Prophylactic platelet transfusion is frequently administered to reduce the risk of hemorrhage in patients undergoing chemotherapy for leukemia or cancer. A platelet count of 10 or 20x109 L−1 is often used as an occasion for platelet transfusion. In clinical studies, the bleeding risk was similar using either threshold (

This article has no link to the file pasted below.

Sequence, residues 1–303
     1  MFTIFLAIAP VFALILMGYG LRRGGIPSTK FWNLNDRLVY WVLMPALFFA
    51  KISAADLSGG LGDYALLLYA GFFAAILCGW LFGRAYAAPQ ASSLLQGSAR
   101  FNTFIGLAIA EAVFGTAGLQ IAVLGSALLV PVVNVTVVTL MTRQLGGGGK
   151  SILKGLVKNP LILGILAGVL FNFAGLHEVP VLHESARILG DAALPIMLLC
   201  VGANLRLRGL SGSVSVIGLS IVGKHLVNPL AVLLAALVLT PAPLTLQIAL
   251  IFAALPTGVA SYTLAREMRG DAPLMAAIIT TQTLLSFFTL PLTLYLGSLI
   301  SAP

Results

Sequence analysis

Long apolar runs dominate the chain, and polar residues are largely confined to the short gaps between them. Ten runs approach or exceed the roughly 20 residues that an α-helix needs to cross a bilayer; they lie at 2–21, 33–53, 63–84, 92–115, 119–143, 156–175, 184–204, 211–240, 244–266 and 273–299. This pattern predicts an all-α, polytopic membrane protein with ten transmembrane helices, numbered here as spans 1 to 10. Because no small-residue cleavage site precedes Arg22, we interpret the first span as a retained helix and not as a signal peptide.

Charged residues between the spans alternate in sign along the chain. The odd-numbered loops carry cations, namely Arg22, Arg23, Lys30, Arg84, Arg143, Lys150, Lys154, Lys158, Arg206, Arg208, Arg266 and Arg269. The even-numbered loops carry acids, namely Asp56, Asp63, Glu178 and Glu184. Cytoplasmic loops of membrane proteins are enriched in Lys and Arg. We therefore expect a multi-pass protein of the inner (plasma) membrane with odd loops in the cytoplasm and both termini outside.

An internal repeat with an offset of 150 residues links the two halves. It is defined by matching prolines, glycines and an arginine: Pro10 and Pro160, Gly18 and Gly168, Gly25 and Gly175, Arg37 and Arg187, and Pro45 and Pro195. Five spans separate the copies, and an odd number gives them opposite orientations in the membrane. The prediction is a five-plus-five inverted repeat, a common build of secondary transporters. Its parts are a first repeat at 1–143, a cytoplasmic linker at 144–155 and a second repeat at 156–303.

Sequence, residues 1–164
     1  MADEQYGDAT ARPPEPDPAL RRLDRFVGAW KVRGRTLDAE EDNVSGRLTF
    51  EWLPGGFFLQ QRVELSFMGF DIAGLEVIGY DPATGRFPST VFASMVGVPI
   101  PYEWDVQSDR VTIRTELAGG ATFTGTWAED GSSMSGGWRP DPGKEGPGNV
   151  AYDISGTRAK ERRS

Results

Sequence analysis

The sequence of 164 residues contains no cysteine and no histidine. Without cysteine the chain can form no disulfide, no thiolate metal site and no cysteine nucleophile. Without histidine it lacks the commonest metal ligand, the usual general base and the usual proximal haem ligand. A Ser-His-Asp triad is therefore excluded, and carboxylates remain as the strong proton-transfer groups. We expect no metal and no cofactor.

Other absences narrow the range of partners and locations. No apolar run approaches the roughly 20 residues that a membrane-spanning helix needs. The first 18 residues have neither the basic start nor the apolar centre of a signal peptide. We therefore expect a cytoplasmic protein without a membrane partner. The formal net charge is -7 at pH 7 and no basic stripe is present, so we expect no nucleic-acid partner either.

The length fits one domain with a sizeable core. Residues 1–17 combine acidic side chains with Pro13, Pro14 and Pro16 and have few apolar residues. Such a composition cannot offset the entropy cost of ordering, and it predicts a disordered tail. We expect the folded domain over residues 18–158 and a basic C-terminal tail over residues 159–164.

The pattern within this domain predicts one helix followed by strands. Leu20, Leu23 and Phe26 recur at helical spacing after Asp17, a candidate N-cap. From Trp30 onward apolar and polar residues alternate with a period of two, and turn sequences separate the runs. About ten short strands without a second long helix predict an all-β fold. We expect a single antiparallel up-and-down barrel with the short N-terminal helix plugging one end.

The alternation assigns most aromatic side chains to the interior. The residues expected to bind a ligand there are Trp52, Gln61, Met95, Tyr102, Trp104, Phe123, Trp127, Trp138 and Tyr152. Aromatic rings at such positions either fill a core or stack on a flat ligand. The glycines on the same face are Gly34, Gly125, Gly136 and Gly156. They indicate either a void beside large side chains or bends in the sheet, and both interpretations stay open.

). Moreover, serious bleeding events were not related to the patients’ platelet count. Thromboelastometry with ROTEM® Whole-Blood Coagulation Analyzer (Pentapharm, Munich, Germany) is a method that may provide a better estimate of the risk of hemorrhage because it also depends on platelet function and plasma coagulation. We therefore performed a pilot study in 13 adult patients receiving prophylactic platelet transfusion after chemotherapy for leukemia or lymphoma. ROTEM® was performed using an ellagic acid based activating reagent (in-TEM®, Pentapharm). Clotting profiles were evaluated using the following thromboelastometric measures: clotting time (CT), clot formation time (CFT), and maximum clot firmness (MCF). The median platelet count before transfusion was 9x109 L−1 (range 1 to 20). CT was within the normal range in all patients (median 168 s, range 125–212, reference range 100–240). In contrast, a prolonged CFT (median 139 s, range 51–4526, reference range 30–110) and reduced MCF (median 34 mm, range 19–54, reference range 50–72) was recorded. Correlation between platelet count and CFT (R=−0.41, Spearman) or MCF (R=+0.48) was weak and not statistically significant. 15 min after platelet transfusion, there was an increase in platelet count (median 39x109 L−1, range 23–48) and a substantial improvement of CFT (median 99 s, range 44–332) and MCF (median 49 mm, range 40–64). Changes in thromboelastometric measures were due to platelet transfusion as the addition of cytochalasin D (fib-TEM®, Pentapharm) resulted in identical profiles before and after transfusion. Changes in platelet count correlated with changes in MCF (R=+0.73, P<0.01), but not CFT (R=−0.40, P=0.17). Comparing patients who had a maximum of one mild bleeding symptom (n=9) with patients who experienced one severe or at least two mild bleeding symptoms (n=4), there was no difference in platelet counts (median 10 vs. 9x109 L−1, p=0.77). In contrast, there was a trend towards a shorter CFT (median 111 vs. 388 s, P=0.09) and higher MCF (median 39 vs. 29.5 mm, P=0.09) in the group of non-bleeding patients. In summary, ROTEM® seems to be a sensitive method to detect hemostatic changes in patients with severe thrombocytopenia receiving platelet transfusion and to identify thrombocytopenic patients with an increased bleeding risk. Therefore, further studies to evaluate ROTEM® as a means to estimate the bleeding risk in thrombocytopenic patients are warranted.

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